The Nessus Network Scan Summary dashboard has four tables, each displaying summary of subnets scanned during a period of time. The tables identify the subnets scanned over different time periods. There is a table showing scans occurring over the past 14 days, between 15 to 30 days, between 31 to 90 days, and over 90 days.
SecurityCenter Continuous View (CV) provides a centralized solution that allows for the most comprehensive and integrated view of network health. Nessus is an integral part of SecurityCenter CV, which provides a central location for configurations, deployments, dashboards, and reports of Nessus scans.
Listed below are the included components:
- Nessus Scanned Summary - Nessus Scan Time: This matrix displays a summary of the time taken to complete vulnerability scans. Scan summaries are displayed for scans completed in less than 2 minutes, over 2 minutes to 5 minutes, over 5 minutes to 10 minutes, and over 10 minutes. The results are shown in the percentage of the total scans conducted. For example, in the screenshot, 14% of the completed scans took less than 2 minutes.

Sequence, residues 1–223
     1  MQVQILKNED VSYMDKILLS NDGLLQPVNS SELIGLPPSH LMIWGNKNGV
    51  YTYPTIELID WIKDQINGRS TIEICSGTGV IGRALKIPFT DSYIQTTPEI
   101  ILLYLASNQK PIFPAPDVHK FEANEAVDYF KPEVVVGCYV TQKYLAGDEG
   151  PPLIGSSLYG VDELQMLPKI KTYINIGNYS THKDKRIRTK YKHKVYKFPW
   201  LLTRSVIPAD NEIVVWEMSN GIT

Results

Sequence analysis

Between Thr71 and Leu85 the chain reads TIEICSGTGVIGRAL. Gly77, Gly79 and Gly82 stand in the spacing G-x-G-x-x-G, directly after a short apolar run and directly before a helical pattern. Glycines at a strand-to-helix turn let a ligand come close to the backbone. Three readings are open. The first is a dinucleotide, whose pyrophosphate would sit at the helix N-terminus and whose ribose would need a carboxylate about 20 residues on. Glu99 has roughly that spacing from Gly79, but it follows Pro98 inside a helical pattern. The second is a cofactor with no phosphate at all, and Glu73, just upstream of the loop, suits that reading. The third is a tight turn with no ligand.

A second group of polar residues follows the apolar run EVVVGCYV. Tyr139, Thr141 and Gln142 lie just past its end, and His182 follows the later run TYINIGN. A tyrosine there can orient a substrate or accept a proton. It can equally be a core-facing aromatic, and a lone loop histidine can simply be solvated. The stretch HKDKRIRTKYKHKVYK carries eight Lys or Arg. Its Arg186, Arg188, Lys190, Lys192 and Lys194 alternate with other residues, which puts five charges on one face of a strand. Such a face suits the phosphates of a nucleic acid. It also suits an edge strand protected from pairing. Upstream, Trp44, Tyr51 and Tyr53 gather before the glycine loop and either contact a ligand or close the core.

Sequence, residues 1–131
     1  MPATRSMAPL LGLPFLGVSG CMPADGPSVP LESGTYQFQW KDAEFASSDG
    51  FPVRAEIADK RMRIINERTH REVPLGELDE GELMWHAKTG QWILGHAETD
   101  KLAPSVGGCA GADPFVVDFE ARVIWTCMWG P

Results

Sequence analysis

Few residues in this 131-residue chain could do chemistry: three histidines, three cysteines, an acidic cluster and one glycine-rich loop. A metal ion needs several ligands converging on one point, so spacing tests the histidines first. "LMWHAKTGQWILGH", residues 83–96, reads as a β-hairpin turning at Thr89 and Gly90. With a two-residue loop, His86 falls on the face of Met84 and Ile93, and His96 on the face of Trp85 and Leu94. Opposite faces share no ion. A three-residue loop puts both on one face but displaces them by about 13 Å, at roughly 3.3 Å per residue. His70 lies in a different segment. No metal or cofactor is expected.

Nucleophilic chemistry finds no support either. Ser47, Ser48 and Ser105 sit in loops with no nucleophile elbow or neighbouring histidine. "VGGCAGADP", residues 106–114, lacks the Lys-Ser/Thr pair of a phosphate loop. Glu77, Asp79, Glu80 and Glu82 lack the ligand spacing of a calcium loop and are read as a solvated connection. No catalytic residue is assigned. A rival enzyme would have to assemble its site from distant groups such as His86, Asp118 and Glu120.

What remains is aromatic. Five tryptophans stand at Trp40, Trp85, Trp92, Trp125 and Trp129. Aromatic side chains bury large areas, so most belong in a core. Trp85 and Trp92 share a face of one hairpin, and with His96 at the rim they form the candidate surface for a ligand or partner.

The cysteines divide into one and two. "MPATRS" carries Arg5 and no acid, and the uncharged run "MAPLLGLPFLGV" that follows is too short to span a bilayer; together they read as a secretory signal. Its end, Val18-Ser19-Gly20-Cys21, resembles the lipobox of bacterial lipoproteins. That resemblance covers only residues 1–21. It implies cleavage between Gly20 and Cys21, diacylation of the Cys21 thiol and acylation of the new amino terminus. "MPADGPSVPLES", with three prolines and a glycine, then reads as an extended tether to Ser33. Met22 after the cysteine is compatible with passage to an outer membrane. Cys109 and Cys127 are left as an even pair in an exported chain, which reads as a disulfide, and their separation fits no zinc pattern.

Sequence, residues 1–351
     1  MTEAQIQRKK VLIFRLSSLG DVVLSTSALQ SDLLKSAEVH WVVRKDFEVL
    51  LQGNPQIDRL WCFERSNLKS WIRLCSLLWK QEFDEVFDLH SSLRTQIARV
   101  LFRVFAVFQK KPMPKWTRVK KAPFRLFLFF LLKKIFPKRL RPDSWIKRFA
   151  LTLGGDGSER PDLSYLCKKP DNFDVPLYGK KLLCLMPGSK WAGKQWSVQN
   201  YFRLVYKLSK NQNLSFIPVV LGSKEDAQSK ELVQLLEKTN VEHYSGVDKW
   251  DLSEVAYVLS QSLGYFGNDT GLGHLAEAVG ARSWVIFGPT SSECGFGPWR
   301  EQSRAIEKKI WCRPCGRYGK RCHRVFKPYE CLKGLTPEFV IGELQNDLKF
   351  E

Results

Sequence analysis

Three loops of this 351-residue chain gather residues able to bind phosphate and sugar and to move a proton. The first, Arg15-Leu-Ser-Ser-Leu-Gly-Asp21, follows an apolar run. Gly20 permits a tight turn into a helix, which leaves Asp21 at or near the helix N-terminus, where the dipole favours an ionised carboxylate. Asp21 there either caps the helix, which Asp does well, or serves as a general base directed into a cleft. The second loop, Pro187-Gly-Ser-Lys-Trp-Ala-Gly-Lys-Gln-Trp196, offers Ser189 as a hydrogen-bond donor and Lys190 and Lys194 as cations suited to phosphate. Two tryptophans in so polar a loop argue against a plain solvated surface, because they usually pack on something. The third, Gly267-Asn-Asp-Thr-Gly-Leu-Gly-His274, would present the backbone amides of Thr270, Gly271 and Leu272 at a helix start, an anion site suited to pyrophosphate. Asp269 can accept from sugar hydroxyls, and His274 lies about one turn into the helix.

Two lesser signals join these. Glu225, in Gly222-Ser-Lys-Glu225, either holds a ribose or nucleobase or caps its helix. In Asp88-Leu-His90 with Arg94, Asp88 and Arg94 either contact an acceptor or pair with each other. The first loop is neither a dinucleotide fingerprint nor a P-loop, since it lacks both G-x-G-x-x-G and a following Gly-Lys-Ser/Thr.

- Nessus Scan Summary - Nessus Scanner Errors: This component displays any host that encountered a Nessus scan error while scanning the host. This table is configured for vulnerability text containing “error” and using plugin ID 19506. This table will display the IP Address, MAC Address, DNS, NetBIOS, and Last Observed Field columns for each host with a Nessus scan error.
- Nessus Scan Summary - Web App Tests: This component provides information on the web application test settings enabled and the number of systems where web app tests were performed. Nessus can scan web applications for SQL injection, cross-site scripting, directory traversal and many more web application vulnerabilities. As Nessus performs web application checks, the server will fail a check if any of the following are discovered: SQL injection, cross-site scripting, directory traversal vulnerabilities, HTTP response splitting/header injections, common application error messages, testing for common backup script files, include file source code disclosure, insecure HTTP methods, WebDAV, default web server installation, and testing for diagnostics page.